These detailed psy­cho­log­i­cal pro­files, togeth­er with the direct access to users that plat­forms like Google and Face­book deliv­er, make both com­pa­nies cat­nip to adver­tis­ers, PR flacks—and dark-mon­ey polit­i­cal out­fits like Cam­bridge Ana­lyt­i­ca.

Indeed, polit­i­cal cam­paigns showed an ear­ly and pro­nounced affin­i­ty for the idea of tar­get­ed access and influ­ence on plat­forms like Face­book. Instead of blan­ket­ing air­waves with a sin­gle polit­i­cal ad, they could show peo­ple ads that appealed specif­i­cal­ly to the issues they held dear. They could also ensure that any such mes­sage spread through a tar­get­ed person’s larg­er social net­work through repost­ing and shar­ing.

The enor­mous com­mer­cial inter­est that polit­i­cal cam­paigns have shown in social media has earned them priv­i­leged atten­tion from Sil­i­con Val­ley plat­forms in return. Face­book runs a sep­a­rate polit­i­cal divi­sion specif­i­cal­ly geared to help its cus­tomers tar­get and influ­ence vot­ers.

The com­pa­ny even allows polit­i­cal cam­paigns to upload their own lists of poten­tial vot­ers and sup­port­ers direct­ly into Facebook’s data sys­tem. So armed, dig­i­tal polit­i­cal oper­a­tives can then use those people’s social net­works to iden­ti­fy oth­er prospec­tive vot­ers who might be sup­port­ive of their candidate—and then tar­get them with a whole new tidal wave of ads. “There’s a lev­el of pre­ci­sion that doesn’t exist in any oth­er medi­um,” Crys­tal Pat­ter­son, a Face­book employ­ee who works with gov­ern­ment and pol­i­tics cus­tomers, told the New York Times back in 2015. “It’s get­ting the right mes­sage to the right peo­ple at the right time.”

Nat­u­ral­ly, a whole slew of com­pa­nies and oper­a­tives in our increas­ing­ly data-dri­ven elec­tion scene have cropped up over the last decade to plug in to these amaz­ing influ­ence machines. There is a whole con­stel­la­tion of them work­ing all sorts of strate­gies: tra­di­tion­al vot­er tar­get­ing, polit­i­cal pro­pa­gan­da mills, troll armies [63], and bots [64].

Some of these firms are polit­i­cal­ly agnos­tic; they’ll work for any­one with cash. Oth­ers are par­ti­san. The Demo­c­ra­t­ic Par­ty Data Death Star [65] is NGP VAN [66]. The Repub­li­cans have a few of their own—including i360, a data mon­ster gen­er­ous­ly fund­ed by Charles Koch. Nat­u­ral­ly, i360 part­ners with Face­book to deliv­er tar­get vot­ers. It also claims to have 700 per­son­al data points cross-tab­u­lat­ed on 199 mil­lion vot­ers and near­ly 300 mil­lion con­sumers, with the abil­i­ty to pro­file and tar­get them with pin-point accu­ra­cy based on their beliefs and views.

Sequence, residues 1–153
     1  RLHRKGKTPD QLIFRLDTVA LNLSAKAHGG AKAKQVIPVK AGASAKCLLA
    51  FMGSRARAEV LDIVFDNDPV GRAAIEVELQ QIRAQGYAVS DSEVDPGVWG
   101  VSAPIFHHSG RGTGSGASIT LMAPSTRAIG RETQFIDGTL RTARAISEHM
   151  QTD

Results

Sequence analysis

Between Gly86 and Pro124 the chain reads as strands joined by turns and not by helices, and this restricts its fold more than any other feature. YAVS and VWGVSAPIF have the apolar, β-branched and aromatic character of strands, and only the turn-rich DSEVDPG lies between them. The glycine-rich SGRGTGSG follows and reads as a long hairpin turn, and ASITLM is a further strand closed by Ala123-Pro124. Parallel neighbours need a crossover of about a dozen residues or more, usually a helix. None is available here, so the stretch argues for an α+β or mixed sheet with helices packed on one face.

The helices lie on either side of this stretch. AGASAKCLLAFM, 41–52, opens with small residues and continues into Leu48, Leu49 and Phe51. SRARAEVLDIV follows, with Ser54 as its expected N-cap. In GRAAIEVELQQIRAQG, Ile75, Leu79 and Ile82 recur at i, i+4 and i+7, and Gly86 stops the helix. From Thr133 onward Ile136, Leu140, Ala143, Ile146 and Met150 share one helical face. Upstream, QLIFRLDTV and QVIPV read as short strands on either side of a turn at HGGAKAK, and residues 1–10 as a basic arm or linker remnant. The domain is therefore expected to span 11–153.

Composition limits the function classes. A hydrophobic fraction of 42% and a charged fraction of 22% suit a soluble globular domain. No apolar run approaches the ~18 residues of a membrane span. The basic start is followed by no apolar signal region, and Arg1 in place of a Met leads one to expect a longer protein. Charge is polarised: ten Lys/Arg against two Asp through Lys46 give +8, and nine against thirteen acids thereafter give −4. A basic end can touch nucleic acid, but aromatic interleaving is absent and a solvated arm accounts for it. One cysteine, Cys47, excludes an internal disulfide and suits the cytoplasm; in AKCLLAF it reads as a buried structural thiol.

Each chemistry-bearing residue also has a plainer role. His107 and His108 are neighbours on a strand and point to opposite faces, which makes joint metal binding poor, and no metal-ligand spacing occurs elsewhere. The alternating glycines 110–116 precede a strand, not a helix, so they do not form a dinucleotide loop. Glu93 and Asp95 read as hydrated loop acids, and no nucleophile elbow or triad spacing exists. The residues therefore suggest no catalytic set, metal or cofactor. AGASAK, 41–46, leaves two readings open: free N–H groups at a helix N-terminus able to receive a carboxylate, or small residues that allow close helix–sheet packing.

Here’s how The Nation­al Jour­nal’s Andrew Rice described i360 in 2015:

Like Google, the Nation­al Secu­ri­ty Agency, or the Demo­c­ra­t­ic data machine, i360 has a vora­cious appetite for per­son­al infor­ma­tion. It is con­stant­ly ingest­ing new data into its tar­get­ing sys­tems, which pre­dict not only par­ti­san iden­ti­fi­ca­tion but also sen­ti­ments about issues such as abor­tion, tax­es, and health care. When I vis­it­ed the i360 office, an employ­ee gave me a demon­stra­tion, zoom­ing in on a map to focus on a par­tic­u­lar 66-year-old high school teacher who lives in an apart­ment com­plex in Alexan­dria, Vir­ginia. . . . Though the adver­tis­ing indus­try typ­i­cal­ly eschews address­ing any sin­gle individual—it’s not just inva­sive, it’s also inefficient—it is becom­ing com­mon­place to tar­get extreme­ly nar­row audi­ences. So the school­teacher, along with a few look-alikes, might see a tai­lored ad the next time she clicks on YouTube.

Sil­i­con Val­ley doesn’t just offer cam­paigns a neu­tral plat­form; it also works close­ly along­side polit­i­cal can­di­dates to the point that the biggest inter­net com­pa­nies have become an exten­sion of the Amer­i­can polit­i­cal sys­tem. As one recent study showed, tech com­pa­nies rou­tine­ly embed their employ­ees inside major polit­i­cal cam­paigns: “Face­book, Twit­ter, and Google go beyond pro­mot­ing their ser­vices and facil­i­tat­ing dig­i­tal adver­tis­ing buys, active­ly shap­ing cam­paign com­mu­ni­ca­tion through their close col­lab­o­ra­tion with polit­i­cal staffers . . . these firms serve as qua­si-dig­i­tal con­sul­tants to cam­paigns, shap­ing dig­i­tal strat­e­gy, con­tent, and exe­cu­tion.”